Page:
Sir James Chadwick was born of humble origins on October 20, 1891, to John Joseph and Anne Mary Chadwick in Clarke Lane just outside of Bollington, England. Primarily raised by his grandparents, he won a scholarship to nearby Victoria University in Manchester, where he entered the physics program by mistake. He had intended to enroll in the mathematics program, but waited in the wrong registration area so ended up being admitted to the physics department instead. Chadwick graduated in 1911 and then went to work in Ernest Rutherford's laboratory, beginning a long, productive relationship between the two men. Chadwick earned his M.S. in 1913; by the age of twenty-one he had already published five scientific papers. At that point, he won an 1851 Exhibition scholarship to study abroad for two years, whereupon he traveled to Germany to work with Hans Geiger.
During his period of study in Germany, Chadwick discovered that β -rays (electrons) are emitted in a continuous spectrum, at odds with other groups' results, and a finding that eventually led to the theory and discovery of the neutrino. While he was in Germany, World War I broke out, and Chadwick was rounded up with other English in the country and interned at Ruhleben.
After his release from Ruhleben in 1919, Chadwick followed Rutherford to the Cavendish Laboratory at Cambridge University, where he was named assistant director of research in 1923. Rutherford had been working on the disintegration of nitrogen nuclei under bombardment by α -particles , and Chadwick's first research upon his return to England involved the disintegration of different nuclei.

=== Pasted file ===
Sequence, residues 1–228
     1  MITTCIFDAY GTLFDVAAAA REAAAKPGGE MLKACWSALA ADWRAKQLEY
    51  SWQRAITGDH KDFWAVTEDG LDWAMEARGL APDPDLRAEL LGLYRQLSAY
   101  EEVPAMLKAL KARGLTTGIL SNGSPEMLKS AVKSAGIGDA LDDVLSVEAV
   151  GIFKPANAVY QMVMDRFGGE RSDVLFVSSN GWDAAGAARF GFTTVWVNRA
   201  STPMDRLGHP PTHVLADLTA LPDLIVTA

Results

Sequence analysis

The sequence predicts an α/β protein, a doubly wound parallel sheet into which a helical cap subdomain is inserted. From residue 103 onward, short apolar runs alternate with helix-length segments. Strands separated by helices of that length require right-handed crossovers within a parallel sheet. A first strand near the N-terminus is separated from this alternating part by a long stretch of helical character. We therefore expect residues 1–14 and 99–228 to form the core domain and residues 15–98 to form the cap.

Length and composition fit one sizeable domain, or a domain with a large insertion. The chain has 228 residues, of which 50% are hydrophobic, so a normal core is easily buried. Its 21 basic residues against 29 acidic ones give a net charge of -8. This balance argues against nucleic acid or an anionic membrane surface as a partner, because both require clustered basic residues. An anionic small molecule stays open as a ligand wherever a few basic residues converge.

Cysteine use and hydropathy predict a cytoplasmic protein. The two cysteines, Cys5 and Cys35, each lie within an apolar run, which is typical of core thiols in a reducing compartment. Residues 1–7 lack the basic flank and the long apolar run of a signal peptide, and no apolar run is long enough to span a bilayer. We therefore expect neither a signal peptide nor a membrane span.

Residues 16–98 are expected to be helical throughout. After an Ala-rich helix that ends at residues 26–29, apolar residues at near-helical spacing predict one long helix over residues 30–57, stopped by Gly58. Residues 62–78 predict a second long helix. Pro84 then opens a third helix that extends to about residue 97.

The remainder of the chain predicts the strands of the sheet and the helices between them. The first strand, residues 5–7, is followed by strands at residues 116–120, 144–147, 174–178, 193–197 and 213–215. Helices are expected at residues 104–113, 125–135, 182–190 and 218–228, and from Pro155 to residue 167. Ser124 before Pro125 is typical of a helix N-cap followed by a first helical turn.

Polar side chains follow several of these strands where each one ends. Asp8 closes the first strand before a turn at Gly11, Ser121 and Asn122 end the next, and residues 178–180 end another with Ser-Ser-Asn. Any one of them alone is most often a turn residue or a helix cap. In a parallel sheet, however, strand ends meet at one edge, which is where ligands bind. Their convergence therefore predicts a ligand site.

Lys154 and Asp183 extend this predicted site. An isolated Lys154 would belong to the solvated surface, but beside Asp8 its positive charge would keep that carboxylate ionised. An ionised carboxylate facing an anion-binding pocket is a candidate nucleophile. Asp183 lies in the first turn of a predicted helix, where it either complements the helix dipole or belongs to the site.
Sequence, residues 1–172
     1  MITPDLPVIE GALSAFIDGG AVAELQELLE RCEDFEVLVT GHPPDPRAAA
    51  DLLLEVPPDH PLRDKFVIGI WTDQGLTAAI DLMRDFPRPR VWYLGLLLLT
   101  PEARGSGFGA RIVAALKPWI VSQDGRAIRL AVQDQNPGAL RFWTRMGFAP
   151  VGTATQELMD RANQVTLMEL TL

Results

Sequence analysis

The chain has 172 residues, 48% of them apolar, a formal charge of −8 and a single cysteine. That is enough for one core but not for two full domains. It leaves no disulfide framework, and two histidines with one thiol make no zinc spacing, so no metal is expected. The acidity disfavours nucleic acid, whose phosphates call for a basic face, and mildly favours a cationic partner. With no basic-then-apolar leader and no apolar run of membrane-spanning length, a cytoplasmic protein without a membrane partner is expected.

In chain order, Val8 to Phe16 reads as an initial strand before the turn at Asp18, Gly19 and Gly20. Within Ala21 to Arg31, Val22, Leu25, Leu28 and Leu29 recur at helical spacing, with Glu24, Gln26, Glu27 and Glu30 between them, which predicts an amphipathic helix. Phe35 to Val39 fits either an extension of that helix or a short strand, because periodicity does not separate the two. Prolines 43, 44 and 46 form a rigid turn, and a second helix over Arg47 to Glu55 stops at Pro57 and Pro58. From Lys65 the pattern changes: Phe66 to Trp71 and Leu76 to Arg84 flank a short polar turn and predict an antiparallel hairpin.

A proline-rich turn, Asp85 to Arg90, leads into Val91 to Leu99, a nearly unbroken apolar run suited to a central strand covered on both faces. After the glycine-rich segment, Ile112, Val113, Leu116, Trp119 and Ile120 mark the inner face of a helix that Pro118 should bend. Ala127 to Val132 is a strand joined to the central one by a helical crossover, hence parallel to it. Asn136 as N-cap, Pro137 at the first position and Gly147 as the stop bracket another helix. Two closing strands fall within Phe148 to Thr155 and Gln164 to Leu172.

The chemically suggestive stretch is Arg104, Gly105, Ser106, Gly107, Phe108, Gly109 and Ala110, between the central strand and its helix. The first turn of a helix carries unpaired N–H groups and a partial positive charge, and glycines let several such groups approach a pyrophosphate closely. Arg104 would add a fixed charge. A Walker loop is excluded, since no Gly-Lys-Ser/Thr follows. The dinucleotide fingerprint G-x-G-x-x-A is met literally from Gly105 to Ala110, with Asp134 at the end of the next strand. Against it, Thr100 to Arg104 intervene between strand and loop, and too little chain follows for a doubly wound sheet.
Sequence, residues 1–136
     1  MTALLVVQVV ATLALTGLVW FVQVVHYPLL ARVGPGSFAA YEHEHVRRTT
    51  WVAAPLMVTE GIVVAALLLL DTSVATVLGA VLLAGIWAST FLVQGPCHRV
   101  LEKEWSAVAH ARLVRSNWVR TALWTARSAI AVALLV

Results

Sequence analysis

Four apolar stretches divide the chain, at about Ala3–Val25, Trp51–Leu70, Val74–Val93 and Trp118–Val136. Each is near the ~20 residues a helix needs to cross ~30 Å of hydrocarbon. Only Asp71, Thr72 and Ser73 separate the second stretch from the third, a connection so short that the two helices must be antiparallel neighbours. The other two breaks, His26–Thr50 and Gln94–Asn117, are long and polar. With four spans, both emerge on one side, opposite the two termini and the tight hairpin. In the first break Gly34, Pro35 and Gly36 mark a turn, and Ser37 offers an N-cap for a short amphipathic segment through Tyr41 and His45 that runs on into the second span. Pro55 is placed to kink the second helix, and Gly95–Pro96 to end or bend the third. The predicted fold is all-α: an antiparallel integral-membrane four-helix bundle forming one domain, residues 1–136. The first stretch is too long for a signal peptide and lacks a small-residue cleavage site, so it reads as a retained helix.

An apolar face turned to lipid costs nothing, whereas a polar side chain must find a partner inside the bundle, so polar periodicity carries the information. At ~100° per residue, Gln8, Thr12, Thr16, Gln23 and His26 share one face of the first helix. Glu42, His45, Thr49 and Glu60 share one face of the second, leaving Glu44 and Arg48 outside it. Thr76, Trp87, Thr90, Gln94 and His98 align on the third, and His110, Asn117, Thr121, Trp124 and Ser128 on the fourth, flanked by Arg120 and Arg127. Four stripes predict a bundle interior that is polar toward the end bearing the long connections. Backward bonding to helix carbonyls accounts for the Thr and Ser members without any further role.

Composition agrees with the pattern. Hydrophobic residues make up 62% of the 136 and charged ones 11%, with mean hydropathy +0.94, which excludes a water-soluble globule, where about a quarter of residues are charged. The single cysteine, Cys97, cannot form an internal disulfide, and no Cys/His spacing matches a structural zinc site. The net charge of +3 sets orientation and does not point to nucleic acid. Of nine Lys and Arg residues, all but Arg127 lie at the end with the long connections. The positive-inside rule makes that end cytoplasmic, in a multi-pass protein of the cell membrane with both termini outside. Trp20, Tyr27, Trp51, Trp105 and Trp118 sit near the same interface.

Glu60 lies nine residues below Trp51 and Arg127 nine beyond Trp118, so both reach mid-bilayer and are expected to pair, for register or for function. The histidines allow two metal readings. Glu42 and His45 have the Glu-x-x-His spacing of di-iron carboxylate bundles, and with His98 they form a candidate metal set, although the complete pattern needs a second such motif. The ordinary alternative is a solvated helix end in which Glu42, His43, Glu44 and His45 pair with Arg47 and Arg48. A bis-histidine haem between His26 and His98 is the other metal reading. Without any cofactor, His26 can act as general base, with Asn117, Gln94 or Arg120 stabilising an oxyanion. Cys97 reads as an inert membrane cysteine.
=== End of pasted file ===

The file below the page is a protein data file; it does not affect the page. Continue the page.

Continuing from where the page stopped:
It was in the investigation of beryllium disintegration in 1932 that the neutron was discovered. Since the neutron has no charge, the typical electromagnetic methods of detection were useless. Chadwick bounced the mystery particle off atomic nuclei that were detectable, and, by the conservation of momentum and energy, he was able to determine that the neutron had a mass slightly greater than that of a proton.
With the discovery of the neutron as a fundamental particle, many paradoxes of physics and chemistry were finally resolved, and new areas of research evolved. Prior to the discovery of the neutron as a fundamental particle, scientists generally believed that the nucleus was comprised of protons and "nuclear electrons." However, one could not explain, for example, the spin of nuclei with that model. Now, at last, theory could predict the properties of the nucleus quite well. Also, since neutrons are not repelled by the charge on the atomic nucleus, they interact easily with nuclei. Neutron scattering enables the determination of crystal structures by probing the positions of nuclei in a sample. Neutrons can also catalyze fission reactions, for example, the fission of uranium nuclei that led to the creation of nuclear power plants and the atomic bomb.
Only three years after the discovery of the neutron, Chadwick was awarded the Nobel Prize in physics in 1935. He was lured away from Cambridge to accept the chair in physics at Liverpool University, where he oversaw the construction of the first cyclotron in England. As World War II broke out, Chadwick played a prominent role in the effort to create the atomic bomb, both in England, and, beginning in 1943, as the leader of the British effort on the Manhattan Project . Chadwick returned to his chair in Liverpool in 1946, but soon thereafter he accepted an offer from his alma mater, the College of Gonville and Caius at Cambridge, to serve as its master, a post he held until his retirement in 1958. He died in Cambridge on July 24, 1974.
Brown, Andrew (1997). The Neutron and the Bomb. New York: Oxford University Press.
Nobel e-Museum. "James Chadwick—Biography." Available from http://www.nobel.se/physics/laureates/1935/chadwick-bio.html .